Richard E. Myers was born in Kingston, Jamaica and lived there for several years before migrating to Miami (at 10 years old) and later to North Carolina (at 14). Myers received his education (Bachelors, Masters and Law Degrees) from the University of North Carolina. It wasn’t until the events of 9/11 that he decided to pursue becoming a Prosecutor. Throughout his career, he has worked in several positions including Prosecutor, Defense Attorney, Journalist and now a Law Professor at his alma mater.
On August 14, Trump nominated the professor to be a federal judge in the Eastern District of North Carolina. The post has been vacant since January 2006, making it the longest federal judge vacancy in America. The position has been vacant for 13 years due to the habit of US Senators in blocking the confirmation of nominees (this is done by a simple majority vote that is required to confirm or reject a nominee).
Myers is seemingly a good pick. North Carolina’s two senators Richard Burr and Thom Tillis have both voiced their support for Myers as the new federal judge. In a statement, Tills said, “Myers’ prosecutorial work, as well as his well-deserved reputation as one of our state’s best legal scholars provide him with the background and qualifications required to serve the Eastern District with distinction”.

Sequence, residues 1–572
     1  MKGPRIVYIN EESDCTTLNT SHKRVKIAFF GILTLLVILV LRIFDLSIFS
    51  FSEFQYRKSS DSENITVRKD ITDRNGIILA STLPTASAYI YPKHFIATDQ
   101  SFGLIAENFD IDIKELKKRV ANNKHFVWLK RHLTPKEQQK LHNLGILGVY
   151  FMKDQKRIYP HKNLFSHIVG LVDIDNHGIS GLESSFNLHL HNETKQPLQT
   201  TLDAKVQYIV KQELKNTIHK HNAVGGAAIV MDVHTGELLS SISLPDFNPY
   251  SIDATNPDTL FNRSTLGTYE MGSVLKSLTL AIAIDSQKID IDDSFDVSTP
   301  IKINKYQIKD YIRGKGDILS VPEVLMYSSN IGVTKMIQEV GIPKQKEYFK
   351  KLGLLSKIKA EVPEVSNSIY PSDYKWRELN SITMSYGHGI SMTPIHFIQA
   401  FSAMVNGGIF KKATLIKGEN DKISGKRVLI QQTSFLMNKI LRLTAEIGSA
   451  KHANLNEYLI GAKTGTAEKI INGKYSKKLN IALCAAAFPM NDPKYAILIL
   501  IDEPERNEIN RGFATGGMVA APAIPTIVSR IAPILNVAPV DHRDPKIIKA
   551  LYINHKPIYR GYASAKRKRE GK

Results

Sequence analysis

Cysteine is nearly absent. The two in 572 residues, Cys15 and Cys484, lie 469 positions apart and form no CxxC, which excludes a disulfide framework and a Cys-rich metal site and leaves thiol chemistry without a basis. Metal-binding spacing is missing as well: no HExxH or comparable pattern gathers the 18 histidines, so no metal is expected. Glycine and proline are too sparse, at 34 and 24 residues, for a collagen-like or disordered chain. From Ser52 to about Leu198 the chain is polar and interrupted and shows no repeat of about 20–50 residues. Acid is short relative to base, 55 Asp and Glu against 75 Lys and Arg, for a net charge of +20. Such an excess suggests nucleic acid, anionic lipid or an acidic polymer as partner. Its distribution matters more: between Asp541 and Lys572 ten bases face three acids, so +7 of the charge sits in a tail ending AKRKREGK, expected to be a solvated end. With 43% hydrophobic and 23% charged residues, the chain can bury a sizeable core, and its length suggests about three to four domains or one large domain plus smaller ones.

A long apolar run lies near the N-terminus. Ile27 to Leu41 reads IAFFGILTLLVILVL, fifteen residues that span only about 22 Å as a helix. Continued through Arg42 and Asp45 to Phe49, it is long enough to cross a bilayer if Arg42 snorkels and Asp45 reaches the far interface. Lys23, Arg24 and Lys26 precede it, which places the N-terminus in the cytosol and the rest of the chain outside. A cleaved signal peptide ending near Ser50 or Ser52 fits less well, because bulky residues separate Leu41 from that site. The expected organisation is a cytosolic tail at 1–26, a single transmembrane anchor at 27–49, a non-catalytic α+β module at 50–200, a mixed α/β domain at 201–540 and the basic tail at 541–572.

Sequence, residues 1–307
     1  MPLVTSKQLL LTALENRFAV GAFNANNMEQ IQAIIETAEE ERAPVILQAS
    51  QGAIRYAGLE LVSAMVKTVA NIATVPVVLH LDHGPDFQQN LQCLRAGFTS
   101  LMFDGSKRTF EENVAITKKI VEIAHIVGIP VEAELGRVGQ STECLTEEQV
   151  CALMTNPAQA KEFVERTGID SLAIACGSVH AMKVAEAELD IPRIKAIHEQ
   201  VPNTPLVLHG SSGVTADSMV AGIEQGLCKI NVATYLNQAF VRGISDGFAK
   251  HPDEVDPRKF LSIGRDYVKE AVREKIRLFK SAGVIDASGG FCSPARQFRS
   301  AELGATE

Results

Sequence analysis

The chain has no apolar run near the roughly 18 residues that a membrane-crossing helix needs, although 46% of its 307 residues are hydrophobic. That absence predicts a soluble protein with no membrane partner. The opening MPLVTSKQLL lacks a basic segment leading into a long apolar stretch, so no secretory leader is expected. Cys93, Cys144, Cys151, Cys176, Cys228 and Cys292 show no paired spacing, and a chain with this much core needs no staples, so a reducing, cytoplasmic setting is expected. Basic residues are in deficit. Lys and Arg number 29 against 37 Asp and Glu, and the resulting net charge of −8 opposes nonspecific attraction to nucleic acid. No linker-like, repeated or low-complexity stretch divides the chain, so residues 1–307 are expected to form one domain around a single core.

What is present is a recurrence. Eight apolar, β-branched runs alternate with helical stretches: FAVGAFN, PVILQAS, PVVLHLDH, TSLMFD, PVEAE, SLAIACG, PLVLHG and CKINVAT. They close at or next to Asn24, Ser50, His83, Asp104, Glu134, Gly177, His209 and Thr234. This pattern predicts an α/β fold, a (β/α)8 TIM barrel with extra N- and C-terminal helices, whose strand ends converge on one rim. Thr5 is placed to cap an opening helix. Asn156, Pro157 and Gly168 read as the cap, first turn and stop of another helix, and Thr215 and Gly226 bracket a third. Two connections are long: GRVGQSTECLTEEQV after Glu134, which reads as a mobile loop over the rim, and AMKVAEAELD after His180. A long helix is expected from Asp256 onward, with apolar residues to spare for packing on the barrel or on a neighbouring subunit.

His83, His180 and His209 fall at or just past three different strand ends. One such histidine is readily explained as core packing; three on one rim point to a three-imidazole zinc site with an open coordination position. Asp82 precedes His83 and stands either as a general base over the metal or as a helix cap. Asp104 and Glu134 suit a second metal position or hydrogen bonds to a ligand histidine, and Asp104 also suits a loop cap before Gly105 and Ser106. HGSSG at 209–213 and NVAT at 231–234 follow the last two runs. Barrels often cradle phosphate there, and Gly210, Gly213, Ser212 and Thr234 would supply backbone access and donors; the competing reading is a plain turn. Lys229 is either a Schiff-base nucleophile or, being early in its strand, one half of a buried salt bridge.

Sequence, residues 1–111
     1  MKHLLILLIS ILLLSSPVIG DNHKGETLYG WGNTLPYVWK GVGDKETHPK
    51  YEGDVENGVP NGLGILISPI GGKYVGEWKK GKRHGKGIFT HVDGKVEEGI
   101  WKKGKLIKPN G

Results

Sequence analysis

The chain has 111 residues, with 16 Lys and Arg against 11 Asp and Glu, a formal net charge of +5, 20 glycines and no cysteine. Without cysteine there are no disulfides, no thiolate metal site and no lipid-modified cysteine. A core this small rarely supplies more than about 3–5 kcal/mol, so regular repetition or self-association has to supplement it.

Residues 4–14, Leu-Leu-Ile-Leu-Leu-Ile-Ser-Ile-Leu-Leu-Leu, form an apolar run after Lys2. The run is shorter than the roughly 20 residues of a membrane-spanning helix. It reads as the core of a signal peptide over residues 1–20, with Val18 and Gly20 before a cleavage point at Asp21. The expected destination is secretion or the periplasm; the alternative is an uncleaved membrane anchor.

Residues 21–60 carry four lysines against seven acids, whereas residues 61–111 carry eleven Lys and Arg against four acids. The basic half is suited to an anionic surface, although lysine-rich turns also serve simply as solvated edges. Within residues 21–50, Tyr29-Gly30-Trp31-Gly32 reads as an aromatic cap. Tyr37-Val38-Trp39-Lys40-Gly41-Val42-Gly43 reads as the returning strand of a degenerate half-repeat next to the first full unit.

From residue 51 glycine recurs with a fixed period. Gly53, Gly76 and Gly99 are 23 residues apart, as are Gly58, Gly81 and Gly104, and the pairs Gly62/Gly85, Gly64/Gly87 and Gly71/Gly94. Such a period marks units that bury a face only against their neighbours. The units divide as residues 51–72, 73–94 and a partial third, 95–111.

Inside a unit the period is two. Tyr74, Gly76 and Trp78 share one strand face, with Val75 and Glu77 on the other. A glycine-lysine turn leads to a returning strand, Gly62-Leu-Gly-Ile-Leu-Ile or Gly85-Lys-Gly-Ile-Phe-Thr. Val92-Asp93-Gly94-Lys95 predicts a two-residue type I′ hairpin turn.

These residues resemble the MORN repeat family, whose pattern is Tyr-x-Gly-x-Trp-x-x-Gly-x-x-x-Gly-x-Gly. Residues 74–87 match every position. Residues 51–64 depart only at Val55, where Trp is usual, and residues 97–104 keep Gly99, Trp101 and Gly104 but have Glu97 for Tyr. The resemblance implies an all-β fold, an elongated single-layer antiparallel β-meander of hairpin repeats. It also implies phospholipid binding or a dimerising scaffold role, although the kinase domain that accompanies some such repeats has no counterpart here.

If Senate accepts Myers’ nomination, even though blacks account for 30 percent of the district’s population, he will be the Eastern District of North Carolina’s first black federal judge.
As a race, it is always heartwarming to see a black man do great things such as these, but it is particularly great to see it being done by a man who once used to be known as just an immigrant.
We are never able to forget that one point in time, we were all just descendants of immigrants. We sure have evolved, haven’t we? Now we move mountains as political figures, preachers, teachers, doctors, CEOs and the list goes on and on. Because of one brave decision made by the head of a household to pack up and move their family on to better, we get to reap these beautiful fruits of our ancestor’s labor.
I want you to take a moment think of something you are thankful for having the opportunity to accomplish as a direct effect of your family taking the plunge to move on to better, smile and thank God. May you continue to bless the world with your gift and pass on the same idea that anything is possible with a little hard work and intent to your future generations.